Barry of Championship Vinyl could have expanded upon his recommendations to customers in the movie High Fidelity, me speaking as a retail manager, sometimes I can’t help it. He could have, if they stocked the albums, recommended Orange Juice to the customer also buying the Jesus & Mary Chain. In fact, many of the bands simply mentioned in the book and the film might not have existed had it not been for Orange Juice. It’s a terrible name to be sure, but their music is so good that it hardly seems to matter. Besides, they adopted the name to rebel against the punk movement that had just started springing up everywhere. It was the late seventies, and one of the most influential bands in British history was looking to buck the punk trend and start a style all their own. They were Orange Juice, and The Glasgow School is the story of their first year.
The Glasgow School collects the first four Postcard singles including B-Sides, the song collection Ostrich Churchyard in its entirety (which was initially a compilation of non-album tracks), and one DJ medley mix of singles called “Blokes on 45,” much like the Beatles medley “Stars on 45.” The most famous member of Orange Juice is Edwyn Collins, more known now for the songs “A Girl Like You,” featured in both Empire Records and the second Charlie’s Angels film, and “The Magic Piper (of Love)” which was featured in the original Austin Powers. I owned both Gorgeous George and I’m Not Following You, two Collins solo albums, but I had not had the pleasure of hearing Orange Juice, mostly because the band’s catalogue has been out of print in the states for years. Now, thanks to the bands they heavily influenced, some of us get to be introduced while the lucky few are reintroduced to the Scottish band that launched a thousand Scottish bands, Orange Juice.
The band was the first on indie label (before it was cool) Postcard Records. They were later joined by other nu-pop pioneers Josef K and Aztec Camera. But it was O.J. that set the scene for years to come, paving the way for Belle & Sebastian, Echo & the Bunnymen, the Jesus & Mary Chain, Teenage Fanclub, and most recently, coming closest to the sound of Orange Juice, Franz Ferdinand. What struck me most when listening to The Glasgow School was that the B-Sides were sometimes even better than the A-Sides! “Moscow” and “Love Sick” are two incredible songs that were relegated to the flip side. Because of their unpolished sound, they might become more popular today than when they were still making music. Lo-fi was good for punk, but it wasn’t as accepted with pop back then.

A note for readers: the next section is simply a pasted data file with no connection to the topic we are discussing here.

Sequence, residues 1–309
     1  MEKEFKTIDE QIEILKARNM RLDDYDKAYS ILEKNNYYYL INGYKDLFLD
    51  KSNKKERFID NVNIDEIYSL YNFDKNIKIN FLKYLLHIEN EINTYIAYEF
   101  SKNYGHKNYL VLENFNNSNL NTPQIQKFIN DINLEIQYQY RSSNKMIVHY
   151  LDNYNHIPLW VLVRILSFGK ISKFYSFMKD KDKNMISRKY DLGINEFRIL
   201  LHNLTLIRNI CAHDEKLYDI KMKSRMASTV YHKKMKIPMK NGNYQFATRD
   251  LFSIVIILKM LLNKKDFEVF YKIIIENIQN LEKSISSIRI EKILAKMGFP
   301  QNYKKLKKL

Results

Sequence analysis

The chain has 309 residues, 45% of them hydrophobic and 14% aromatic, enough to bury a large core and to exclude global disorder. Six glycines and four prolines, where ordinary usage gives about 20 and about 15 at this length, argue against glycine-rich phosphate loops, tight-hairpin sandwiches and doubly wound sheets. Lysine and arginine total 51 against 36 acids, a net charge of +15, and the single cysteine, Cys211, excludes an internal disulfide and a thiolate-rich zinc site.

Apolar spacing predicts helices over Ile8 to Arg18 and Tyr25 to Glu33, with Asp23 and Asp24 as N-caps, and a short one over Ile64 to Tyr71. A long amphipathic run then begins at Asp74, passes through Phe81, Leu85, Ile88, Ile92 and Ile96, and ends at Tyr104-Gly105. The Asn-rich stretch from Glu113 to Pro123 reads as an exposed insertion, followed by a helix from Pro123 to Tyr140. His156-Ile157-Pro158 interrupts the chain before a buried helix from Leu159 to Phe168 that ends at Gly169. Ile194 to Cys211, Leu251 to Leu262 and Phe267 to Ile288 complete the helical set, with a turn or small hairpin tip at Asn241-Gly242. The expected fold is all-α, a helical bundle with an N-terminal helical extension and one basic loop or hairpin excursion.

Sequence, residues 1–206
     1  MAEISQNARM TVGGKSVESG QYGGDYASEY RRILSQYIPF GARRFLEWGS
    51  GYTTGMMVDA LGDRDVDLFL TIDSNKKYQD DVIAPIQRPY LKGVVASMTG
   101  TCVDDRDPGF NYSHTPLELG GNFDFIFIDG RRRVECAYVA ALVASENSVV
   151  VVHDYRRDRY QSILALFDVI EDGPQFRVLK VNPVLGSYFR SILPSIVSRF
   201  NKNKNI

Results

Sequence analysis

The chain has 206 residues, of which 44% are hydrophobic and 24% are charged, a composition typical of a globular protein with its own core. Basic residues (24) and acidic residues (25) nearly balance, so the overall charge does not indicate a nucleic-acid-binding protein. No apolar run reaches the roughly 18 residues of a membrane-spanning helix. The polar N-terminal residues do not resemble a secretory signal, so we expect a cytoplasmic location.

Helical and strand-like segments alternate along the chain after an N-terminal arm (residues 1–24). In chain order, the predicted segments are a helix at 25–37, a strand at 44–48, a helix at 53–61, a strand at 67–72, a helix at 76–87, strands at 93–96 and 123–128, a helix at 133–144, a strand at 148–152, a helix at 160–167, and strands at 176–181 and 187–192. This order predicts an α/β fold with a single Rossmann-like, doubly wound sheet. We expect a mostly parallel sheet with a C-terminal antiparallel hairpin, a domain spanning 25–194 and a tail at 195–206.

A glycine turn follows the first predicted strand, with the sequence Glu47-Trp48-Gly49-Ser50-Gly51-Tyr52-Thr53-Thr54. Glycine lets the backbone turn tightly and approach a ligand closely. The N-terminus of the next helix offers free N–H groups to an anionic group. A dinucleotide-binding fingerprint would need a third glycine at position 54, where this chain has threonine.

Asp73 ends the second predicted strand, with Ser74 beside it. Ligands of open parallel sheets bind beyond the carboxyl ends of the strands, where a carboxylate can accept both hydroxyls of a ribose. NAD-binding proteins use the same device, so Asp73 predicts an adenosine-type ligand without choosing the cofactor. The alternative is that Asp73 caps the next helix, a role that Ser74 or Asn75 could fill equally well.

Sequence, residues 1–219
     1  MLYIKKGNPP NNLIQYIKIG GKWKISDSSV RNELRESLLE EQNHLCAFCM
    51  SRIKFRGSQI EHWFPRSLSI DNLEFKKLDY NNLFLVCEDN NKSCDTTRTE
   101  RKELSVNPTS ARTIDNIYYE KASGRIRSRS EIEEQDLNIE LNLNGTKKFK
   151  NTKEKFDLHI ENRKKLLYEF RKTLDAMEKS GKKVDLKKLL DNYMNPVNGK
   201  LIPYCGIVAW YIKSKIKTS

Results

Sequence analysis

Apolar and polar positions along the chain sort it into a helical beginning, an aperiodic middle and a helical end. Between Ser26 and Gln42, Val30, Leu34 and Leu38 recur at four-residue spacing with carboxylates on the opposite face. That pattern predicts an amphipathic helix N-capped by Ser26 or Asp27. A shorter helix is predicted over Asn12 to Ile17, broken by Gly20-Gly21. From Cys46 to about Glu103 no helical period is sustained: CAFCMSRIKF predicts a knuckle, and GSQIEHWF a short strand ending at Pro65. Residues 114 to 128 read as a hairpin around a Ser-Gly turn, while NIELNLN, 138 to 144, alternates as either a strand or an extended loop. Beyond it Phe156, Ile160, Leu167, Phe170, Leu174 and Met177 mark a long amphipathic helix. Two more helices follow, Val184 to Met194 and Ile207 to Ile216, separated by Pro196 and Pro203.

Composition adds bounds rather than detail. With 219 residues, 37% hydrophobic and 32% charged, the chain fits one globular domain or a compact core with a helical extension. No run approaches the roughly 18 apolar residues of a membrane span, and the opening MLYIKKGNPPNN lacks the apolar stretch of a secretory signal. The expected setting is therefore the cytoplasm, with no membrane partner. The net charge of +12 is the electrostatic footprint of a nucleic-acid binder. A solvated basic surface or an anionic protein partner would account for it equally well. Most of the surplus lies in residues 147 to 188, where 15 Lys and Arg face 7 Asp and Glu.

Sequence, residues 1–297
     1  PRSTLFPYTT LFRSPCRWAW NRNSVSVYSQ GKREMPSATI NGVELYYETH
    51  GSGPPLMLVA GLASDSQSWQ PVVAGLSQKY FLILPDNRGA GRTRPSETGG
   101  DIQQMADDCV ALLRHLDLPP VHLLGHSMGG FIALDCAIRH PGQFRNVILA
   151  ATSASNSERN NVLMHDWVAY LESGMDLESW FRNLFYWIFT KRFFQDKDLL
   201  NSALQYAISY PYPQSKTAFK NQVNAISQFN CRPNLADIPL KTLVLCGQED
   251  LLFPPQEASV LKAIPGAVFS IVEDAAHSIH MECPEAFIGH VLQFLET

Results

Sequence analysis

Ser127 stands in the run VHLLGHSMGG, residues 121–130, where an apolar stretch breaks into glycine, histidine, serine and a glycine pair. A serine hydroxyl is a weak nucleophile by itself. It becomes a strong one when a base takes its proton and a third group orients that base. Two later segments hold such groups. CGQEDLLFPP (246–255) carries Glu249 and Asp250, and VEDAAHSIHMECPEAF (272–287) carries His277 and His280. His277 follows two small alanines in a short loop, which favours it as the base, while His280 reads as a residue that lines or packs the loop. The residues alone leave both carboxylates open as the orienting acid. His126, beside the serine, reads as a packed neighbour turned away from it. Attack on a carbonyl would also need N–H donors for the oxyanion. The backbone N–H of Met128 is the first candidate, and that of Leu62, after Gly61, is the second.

Listening to particular tracks from Orange Juice’s pre-major label days, one can hear leaping points to Crocodiles, If You’re Feeling Sinister, and Psycho Candy. “Falling and Laughing” is a sunny pop record with a dark side. The Scottish guitar strumming, later adopted by Roddy Frame and Haircut 100, conveys a sense of whimsy, while the bass teeters on the brink of jolly and desperate, all the while, Edwyn Collins’ voice, especially when singing the lines “falling and laughing” at the end, sounds like the spawn of Ian McCulloch and Lou Reed. “Moscow,” although named after a city in Russia, should be the anthem for Scottish rock. This instrumental has the catchiest, and apparently stolen, guitar riff on the album. “Blue Boy” and “Love Sick” continue the avant-garde vocals inspired by the Velvet Underground.
With the deluge of British bands out there aping Gang of Four, hearing one of the originators of a particular pop sound is quite refreshing. The album does not sound dated at all, which is amazing considering it’s 25 years old! How Orange Juice didn’t get Franz Ferdinand big is beyond me, unless it’s as simple as being a quarter of a century before their time. As I write this, Edwyn Collins is recovering not only from surgery after two brain hemorrhages, but also is showing a resistance to antibiotics, leaving him in rehabilitation much longer than he expected. Get well, Edwyn and thanks for the O.J.!
Echo & the Bunnymen- Crocodiles
Aztec Camera- High Land, Hard Rain
Josef K- The Only Fun in Town